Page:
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Corporate disclosure regulation traditionally intends to enhance firms’ information environments, render capital markets more efficient, and improve resource allocation. Recent years have brought many examples of additional or tightening disclosure requirements – but also some rare instances of de-regulation. However, some of these new regulatory initiatives appear different in two important respects:
First, some address the needs of audiences other than capital market participants. For example, corporate social responsibility reporting targets NGOs, consumers, and the public at large.
Second, several recent initiatives appear motivated by policy objectives other than increasing transparency or comparability. Rather, they create strong incentives for firms to change non-disclosure aspects of their operating, investing and financing policies. This new type of disclosure regulation is interesting because its “real” (i.e., non-disclosure) consequences are not unintended “side effects”, but are (sometimes explicitly) their main purpose. (Also, some of these regulatory initiatives are local or regional, and therefore likely to be understudied.)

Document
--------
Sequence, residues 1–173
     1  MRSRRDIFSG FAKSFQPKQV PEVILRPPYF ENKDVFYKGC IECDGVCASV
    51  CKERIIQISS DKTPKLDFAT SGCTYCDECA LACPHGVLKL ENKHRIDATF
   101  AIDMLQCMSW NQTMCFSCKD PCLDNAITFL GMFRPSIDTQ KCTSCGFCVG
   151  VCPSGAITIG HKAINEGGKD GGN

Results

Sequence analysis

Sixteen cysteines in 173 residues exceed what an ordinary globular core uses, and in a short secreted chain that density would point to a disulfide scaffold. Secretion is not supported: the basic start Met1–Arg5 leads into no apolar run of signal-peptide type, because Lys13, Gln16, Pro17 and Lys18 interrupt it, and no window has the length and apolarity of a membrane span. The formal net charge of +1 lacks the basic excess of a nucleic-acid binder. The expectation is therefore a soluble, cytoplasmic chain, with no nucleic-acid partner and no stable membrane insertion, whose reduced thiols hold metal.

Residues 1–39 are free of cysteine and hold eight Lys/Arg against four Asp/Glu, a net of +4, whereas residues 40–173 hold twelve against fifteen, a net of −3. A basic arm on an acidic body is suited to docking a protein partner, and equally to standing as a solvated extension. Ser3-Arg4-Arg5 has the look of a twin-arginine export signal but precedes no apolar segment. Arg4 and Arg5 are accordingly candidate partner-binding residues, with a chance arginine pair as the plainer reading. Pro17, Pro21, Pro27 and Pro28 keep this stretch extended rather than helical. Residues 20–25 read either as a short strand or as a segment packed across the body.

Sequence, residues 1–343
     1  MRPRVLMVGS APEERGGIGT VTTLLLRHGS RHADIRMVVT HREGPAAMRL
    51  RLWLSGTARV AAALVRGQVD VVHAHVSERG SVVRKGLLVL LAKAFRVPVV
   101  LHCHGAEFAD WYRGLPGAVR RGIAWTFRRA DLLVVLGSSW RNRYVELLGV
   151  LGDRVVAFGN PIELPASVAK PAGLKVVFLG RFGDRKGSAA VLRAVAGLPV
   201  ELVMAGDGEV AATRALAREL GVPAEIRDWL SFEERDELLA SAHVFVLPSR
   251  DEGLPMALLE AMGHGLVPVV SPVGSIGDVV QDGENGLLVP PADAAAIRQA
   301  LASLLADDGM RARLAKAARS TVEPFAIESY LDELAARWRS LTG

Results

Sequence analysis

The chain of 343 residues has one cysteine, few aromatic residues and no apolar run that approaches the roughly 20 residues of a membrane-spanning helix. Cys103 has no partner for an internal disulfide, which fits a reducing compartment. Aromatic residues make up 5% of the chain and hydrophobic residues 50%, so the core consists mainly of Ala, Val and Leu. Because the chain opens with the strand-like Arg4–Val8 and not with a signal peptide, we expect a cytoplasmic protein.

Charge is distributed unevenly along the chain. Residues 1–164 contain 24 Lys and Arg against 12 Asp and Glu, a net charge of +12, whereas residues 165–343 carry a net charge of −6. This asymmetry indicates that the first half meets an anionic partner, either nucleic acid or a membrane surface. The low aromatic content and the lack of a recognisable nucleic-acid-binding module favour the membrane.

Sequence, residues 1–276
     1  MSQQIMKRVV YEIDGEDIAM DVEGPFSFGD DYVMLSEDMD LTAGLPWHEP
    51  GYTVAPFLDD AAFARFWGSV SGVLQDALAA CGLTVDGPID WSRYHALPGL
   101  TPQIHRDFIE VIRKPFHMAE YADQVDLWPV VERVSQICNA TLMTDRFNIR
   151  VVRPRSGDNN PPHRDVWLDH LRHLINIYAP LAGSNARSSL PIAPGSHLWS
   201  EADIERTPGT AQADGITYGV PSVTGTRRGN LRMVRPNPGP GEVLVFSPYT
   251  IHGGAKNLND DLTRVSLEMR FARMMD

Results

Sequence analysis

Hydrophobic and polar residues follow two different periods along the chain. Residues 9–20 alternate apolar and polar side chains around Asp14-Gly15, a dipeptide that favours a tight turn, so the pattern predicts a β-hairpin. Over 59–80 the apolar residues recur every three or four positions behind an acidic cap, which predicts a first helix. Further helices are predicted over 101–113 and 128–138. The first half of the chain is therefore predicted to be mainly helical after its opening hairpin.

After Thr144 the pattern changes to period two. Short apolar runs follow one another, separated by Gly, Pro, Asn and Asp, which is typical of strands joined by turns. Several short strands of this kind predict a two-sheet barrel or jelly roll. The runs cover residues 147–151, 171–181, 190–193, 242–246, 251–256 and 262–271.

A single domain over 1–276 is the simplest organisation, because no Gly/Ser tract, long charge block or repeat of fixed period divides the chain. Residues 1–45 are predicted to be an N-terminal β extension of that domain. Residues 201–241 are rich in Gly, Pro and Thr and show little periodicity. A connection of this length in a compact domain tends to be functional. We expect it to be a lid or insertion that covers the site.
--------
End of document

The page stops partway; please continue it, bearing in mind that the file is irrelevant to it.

Some such regulations include:
Is anybody working on projects that address these types of questions? Looking forward to discussing related work, or getting links to papers of yours.
For those of you working in this area, let me highlight a current Call for Papers from the German association journal "Schmalenbach Business Review" (SBR). Download it here.